Nervous Hydra / All This Has Passed Forever

by ECSTATIC

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• Abrasive/enchanting split LP between Italian noise god MB and mystic Serbian synthesist AM
• Both artists at the peak of their respective powers • Cut @ D&M
• Limited edition of 500 copies

Ecstatic’s stunning split release between Maurizio Bianchi, godfather of the Italian industrial noise scene, and Abul Mogard, the much loved and hyperstitious synthesist, conjures a spellbinding testament to the transcendent and transportive energies of electronic music.

Although appearing to starkly contrast on the surface, both artist’s work patently shares a lust for the suggestive abstraction of raw current and its pareidolia-like capacity to generate rich and uncanny emotional responses from the end user.

On the A-side, Maurizio Bianchi serves the obfuscated, coruscating atmosphere of Nervous Hydra; a 17 minute piece of sunken, desiccated harmonic structures and warped greyscale tones rinsed with ET radio signals and distant percussion that recall the sound of embers landing on tinfoil or snow. It evokes the experience of being caught in a quietly raging whiteout with only a dying fire for company, or equally a sense of subaquatic, amniotic serenity prior to being evacuated into a much colder world.

Listeners can trust that the Italian artist’s first new work in several years is faithful to his ever- uncompromising oeuvre, but there’s also a tantalisingly elusive sense of redemption buried deep in there which marks it out from the rest of his canon and close to the work of his antecedents such as Kevin Drumm and Jim Haynes.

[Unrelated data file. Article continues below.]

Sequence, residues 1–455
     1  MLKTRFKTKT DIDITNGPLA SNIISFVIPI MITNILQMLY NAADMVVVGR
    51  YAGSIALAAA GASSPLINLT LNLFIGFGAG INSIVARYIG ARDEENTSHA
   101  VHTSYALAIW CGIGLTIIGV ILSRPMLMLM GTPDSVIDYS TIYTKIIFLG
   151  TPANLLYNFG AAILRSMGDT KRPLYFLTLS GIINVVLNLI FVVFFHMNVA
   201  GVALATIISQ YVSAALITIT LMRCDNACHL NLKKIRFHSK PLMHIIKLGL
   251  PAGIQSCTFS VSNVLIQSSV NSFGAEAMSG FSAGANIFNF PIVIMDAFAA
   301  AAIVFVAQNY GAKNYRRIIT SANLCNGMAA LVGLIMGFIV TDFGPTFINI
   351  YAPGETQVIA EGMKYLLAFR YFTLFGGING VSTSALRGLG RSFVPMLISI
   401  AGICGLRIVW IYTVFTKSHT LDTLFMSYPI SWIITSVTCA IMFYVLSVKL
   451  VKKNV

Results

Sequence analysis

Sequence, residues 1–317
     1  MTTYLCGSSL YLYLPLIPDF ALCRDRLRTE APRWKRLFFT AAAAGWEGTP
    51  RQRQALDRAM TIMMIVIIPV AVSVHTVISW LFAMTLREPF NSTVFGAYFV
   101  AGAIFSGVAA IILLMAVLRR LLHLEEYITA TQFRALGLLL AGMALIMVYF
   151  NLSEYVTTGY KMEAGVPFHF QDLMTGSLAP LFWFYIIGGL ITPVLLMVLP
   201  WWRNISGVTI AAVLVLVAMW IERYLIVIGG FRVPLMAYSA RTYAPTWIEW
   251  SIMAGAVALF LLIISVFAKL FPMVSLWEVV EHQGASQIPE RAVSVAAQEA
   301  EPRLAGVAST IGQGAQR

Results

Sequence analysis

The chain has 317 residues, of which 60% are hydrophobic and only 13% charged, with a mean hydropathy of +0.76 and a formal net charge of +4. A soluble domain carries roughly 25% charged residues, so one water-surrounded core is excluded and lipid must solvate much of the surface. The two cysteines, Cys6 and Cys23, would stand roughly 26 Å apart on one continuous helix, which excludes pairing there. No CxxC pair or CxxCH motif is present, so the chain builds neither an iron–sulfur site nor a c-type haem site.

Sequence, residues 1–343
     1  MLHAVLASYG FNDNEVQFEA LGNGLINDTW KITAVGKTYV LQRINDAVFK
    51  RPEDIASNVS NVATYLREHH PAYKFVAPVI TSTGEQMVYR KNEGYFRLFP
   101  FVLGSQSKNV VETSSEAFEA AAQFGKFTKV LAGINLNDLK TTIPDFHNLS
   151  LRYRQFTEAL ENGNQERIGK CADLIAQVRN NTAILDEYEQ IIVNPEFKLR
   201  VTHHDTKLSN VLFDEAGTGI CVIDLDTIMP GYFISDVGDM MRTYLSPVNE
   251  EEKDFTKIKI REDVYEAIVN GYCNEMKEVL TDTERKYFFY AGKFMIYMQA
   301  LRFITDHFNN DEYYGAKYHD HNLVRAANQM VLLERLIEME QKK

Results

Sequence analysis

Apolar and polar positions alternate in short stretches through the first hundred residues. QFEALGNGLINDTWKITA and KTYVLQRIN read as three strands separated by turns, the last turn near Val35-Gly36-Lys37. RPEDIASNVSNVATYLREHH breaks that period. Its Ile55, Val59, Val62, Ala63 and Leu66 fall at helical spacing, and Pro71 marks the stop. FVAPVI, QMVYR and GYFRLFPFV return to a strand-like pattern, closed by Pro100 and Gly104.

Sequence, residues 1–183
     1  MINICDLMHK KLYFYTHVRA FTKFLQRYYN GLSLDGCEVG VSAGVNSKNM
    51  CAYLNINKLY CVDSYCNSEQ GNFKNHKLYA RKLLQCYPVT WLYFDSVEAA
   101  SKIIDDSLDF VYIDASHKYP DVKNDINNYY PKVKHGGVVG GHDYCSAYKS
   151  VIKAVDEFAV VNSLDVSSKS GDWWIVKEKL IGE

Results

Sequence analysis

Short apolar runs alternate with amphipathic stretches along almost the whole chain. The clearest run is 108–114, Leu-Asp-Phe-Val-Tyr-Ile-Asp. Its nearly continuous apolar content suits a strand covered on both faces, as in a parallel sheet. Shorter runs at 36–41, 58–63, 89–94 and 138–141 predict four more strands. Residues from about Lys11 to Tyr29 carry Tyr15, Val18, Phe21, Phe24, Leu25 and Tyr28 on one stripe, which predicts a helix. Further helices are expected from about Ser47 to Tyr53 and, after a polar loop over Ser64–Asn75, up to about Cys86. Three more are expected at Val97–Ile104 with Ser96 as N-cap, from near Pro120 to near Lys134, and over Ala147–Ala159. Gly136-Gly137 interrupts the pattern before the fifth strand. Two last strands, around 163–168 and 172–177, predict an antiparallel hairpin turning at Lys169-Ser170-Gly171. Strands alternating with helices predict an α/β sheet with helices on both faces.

In that piece’s tempestuous wake, Abul Mogard brings a sense of soothing, glacial calm with All This Has Passed Forever on the B-side.

For 16 blissed minutes, Mogard spells out a nostalgic fantasy in creamy strokes of Farfisa organ and Serge modular recorded at EMS studios, Stockholm, and later combined with field recordings to elicit a wistfully widescreen paean to his days on the workshop floor accompanied by the harmonious drones and cacophony of heavy machinery.

No matter the piece’s provenance, though; it’s simply a sublime example of Abul Mogard’s gift for illusive, suspenseful ambient music which has seen his previous releases sky-rocket in 2nd hand value since their earliest, sold-out editions.

Over 30 minutes of ostensibly contrasting yet subtly, similarly spirited pieces that speak to the mystery and enigma of electronic music’s tortured, searching and romantic soul in equal measure.

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released March 3, 2017

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